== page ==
In the early 20th century, the British novelist Dennis Wheatley produced a range of influential novels in which his protagonists battled Satanic groups. At the same time, non-fiction authors like Montague Summers and Rollo Ahmed published books claiming that Satanic groups practicing black magic were still active across the world, although they provided no evidence that this was the case. During the 1950s, various British tabloid newspapers repeated such claims, largely basing their accounts on the allegations of one woman, Sarah Jackson, who claimed to have been a member of such a group. In 1973, the British Christian Doreen Irvine published From Witchcraft to Christ, in which she claimed to have been a member of a Satanic group that gave her supernatural powers, such as the ability to levitate, before she escaped and embraced Christianity. In the United States during the 1960s and 1970s, various Christian preachersthe most famous being Mike Warnke in his 1972 book The Satan-Sellerclaimed that they had been members of Satanic groups who carried out sex rituals and animal sacrifices before discovering Christianity. According to Gareth Medway in his historical examination of Satanism, these stories were “a series of inventions by insecure people and hack writers, each one based on a previous story, exaggerated a little more each time”.

Other publications made allegations of Satanism against historical figures. The 1970s saw the publication of the Romanian Protestant preacher Richard Wurmbrand’s book in which he arguedwithout corroborating evidencethat the socio-political theorist Karl Marx had been a Satanist.

At the end of the twentieth century, a moral panic developed around claims regarding a Devil-worshipping cult that made use of sexual abuse, murder, and cannibalism in its rituals, with children being among its victims. Initially, the alleged perpetrators of such crimes were labelled “witches”, although the term “Satanist” was soon adopted as a favoured alternative, and the phenomenon itself came to be called “the Satanism Scare”. Promoters of the claims alleged that there was a conspiracy of organised Satanists who occupied prominent positions throughout society, from the police to politicians, and that they had been powerful enough to cover up their crimes.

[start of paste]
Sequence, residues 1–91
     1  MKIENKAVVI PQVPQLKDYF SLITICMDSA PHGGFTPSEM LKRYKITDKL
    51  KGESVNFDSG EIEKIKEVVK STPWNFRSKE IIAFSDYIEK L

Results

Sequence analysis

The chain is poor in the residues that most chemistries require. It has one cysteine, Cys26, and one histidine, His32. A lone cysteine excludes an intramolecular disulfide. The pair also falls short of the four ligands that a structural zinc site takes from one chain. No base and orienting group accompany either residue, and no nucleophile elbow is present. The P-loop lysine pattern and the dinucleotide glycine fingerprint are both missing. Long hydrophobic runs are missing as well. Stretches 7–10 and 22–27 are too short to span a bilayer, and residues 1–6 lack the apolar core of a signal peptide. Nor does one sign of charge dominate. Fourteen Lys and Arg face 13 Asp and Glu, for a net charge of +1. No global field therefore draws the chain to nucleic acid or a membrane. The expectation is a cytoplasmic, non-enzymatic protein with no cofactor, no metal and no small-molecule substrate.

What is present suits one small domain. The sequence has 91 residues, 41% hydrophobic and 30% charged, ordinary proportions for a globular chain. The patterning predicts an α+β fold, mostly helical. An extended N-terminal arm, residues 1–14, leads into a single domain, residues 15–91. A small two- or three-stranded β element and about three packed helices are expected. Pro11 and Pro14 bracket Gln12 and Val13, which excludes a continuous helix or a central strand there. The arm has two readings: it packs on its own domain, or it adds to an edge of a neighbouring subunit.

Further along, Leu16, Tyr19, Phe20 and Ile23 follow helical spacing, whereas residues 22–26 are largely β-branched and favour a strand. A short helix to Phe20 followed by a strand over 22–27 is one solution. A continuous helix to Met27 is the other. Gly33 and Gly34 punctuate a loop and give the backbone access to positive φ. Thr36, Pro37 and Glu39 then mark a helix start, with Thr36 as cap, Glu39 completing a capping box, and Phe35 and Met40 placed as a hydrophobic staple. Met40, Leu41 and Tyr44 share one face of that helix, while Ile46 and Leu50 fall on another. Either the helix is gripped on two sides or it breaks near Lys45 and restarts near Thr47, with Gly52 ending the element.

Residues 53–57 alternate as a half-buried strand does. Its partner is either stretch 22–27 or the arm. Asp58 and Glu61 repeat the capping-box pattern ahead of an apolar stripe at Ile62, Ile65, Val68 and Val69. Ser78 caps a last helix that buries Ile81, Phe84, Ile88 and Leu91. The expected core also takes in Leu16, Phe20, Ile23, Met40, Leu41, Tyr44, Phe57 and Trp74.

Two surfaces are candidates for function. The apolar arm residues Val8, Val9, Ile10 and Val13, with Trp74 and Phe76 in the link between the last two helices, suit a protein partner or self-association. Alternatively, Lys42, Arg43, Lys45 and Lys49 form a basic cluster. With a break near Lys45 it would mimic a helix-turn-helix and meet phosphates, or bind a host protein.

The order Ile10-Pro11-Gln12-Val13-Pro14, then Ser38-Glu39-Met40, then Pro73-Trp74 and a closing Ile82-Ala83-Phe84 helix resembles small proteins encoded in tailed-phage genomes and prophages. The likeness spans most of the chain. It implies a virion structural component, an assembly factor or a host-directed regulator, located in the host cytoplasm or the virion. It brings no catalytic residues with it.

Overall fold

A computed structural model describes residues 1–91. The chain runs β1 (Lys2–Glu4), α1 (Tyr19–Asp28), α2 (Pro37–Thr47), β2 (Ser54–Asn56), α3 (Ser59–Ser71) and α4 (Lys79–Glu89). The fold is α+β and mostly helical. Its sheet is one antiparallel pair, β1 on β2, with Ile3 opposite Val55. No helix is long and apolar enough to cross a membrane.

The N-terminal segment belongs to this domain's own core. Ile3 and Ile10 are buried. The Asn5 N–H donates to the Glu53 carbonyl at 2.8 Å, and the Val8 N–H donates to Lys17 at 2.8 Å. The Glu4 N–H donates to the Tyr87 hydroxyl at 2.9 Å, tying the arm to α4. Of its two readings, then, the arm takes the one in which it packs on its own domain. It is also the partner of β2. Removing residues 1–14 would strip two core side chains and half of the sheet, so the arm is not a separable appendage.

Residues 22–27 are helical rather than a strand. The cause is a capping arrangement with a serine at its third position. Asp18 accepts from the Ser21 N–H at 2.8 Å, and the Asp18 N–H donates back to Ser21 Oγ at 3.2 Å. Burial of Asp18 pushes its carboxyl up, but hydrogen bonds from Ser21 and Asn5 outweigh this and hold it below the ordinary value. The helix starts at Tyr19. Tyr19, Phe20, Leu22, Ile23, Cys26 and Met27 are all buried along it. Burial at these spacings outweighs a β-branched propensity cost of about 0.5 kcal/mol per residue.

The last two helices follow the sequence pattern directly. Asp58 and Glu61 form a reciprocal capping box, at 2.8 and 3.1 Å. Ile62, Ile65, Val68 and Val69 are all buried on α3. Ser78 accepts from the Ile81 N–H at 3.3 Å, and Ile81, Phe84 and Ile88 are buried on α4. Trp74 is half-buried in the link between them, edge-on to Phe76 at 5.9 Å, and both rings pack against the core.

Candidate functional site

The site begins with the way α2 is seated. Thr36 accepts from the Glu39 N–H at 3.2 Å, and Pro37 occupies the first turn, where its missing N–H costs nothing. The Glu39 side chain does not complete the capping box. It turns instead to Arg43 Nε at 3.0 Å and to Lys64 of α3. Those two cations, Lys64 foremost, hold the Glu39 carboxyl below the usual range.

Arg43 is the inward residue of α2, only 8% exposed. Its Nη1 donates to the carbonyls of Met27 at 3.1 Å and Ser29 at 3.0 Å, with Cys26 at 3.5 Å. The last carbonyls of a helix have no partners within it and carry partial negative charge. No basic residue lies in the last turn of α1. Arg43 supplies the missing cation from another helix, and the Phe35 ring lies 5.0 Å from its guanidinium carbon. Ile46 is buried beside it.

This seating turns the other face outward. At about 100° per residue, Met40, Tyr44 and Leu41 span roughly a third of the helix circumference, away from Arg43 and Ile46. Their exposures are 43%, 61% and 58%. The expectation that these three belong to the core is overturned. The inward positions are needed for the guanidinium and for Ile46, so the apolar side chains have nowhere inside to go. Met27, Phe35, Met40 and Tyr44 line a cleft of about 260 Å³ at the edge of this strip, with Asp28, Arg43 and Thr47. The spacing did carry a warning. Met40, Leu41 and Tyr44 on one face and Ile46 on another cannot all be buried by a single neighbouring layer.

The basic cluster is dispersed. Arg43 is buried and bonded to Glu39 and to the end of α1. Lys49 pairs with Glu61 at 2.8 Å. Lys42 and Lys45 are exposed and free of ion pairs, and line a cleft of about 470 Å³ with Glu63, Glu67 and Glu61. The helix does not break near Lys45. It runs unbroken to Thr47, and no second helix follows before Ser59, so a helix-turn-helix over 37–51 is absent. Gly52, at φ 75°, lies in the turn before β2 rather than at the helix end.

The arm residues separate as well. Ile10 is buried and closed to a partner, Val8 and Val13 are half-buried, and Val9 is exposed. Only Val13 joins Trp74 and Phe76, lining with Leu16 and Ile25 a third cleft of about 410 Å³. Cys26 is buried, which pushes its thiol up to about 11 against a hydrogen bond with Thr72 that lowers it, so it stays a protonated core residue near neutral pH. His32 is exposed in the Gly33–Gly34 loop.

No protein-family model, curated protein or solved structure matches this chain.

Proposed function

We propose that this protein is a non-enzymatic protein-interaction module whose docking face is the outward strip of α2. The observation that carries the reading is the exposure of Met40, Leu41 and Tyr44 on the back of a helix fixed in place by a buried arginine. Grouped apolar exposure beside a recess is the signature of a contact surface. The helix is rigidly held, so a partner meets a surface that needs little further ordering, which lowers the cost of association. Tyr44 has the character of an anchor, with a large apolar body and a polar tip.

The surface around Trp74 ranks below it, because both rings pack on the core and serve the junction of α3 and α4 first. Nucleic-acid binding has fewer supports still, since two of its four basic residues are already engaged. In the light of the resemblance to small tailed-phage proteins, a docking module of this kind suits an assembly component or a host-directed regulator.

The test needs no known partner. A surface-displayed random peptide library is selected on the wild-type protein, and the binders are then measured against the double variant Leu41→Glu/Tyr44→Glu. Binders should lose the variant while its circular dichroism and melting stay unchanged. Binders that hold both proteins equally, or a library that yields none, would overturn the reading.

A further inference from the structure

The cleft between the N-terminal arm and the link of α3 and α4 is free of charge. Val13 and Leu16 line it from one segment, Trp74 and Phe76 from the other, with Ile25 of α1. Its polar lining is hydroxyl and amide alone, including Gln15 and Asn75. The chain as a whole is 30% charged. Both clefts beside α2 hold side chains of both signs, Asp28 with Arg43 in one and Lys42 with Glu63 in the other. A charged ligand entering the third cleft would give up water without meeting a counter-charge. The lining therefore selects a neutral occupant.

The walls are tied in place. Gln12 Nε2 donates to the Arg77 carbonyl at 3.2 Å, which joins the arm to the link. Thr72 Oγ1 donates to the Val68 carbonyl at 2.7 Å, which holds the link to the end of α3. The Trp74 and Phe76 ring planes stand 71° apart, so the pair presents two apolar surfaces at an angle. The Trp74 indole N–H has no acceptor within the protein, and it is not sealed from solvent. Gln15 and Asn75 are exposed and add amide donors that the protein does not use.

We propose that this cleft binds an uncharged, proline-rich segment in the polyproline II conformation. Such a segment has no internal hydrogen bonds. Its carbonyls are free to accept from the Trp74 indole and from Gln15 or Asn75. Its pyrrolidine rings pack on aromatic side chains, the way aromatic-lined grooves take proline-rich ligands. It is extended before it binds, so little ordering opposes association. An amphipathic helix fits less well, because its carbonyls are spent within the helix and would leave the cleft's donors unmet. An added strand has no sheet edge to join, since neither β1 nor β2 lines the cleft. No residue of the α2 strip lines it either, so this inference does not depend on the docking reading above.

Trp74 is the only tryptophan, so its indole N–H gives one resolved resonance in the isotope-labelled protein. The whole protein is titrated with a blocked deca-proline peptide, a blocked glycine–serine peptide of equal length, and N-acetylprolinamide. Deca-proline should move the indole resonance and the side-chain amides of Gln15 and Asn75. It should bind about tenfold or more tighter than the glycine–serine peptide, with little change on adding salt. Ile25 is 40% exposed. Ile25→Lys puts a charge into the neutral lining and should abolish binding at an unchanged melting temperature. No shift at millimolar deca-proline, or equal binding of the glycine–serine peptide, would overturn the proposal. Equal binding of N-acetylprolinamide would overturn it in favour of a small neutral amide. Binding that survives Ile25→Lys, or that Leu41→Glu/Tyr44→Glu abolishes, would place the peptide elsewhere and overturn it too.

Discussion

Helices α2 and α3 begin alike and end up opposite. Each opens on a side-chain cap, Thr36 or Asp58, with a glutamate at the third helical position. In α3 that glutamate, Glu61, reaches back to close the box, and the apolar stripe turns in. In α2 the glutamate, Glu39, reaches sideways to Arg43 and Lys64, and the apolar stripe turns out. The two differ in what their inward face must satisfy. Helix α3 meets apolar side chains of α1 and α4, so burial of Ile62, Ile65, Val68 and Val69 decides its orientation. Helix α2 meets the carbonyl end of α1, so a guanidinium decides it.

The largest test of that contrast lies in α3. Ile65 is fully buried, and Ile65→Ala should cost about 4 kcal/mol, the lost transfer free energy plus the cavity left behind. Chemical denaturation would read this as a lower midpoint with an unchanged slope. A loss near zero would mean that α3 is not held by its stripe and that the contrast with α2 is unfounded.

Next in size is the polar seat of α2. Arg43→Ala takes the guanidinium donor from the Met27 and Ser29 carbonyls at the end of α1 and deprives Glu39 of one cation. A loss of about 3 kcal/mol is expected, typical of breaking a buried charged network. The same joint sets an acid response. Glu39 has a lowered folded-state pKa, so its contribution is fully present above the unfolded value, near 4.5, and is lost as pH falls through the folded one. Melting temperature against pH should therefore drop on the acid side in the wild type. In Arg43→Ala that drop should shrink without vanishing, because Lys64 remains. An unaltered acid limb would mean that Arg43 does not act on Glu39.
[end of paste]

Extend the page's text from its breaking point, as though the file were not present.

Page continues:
Preceded by some significant but isolated episodes in the 1970s, a great Satanism scare exploded in the 1980s in the United States and Canada and was subsequently exported towards England, Australia, and other countries. It was unprecedented in history. It surpassed even the results of Taxil’s propaganda, and has been compared with the most virulent periods of witch hunting. The scare started in 1980 and declined slowly between 1990… and 1994, when official British and American reports denied the real existence of ritual satanic crimes. Particularly outside the U.S. and U.K., however, its consequences are still felt today.

One of the primary sources for the scare was Michelle Remembers, a 1980 book by the Canadian psychiatrist Lawrence Pazder in which he detailed what he claimed were the repressed memories of his patient (and wife) Michelle Smith. Smith had claimed that as a child she had been abused by her family in Satanic rituals in which babies were sacrificed and Satan himself appeared. In 1983, allegations were made that the McMartin familyowners of a preschool in Californiawere guilty of sexually abusing the children in their care during Satanic rituals. The allegations resulted in a lengthy and expensive trial, in which all of the accused would eventually be cleared. The publicity generated by the case resulted in similar allegations being made in various other parts of the United States.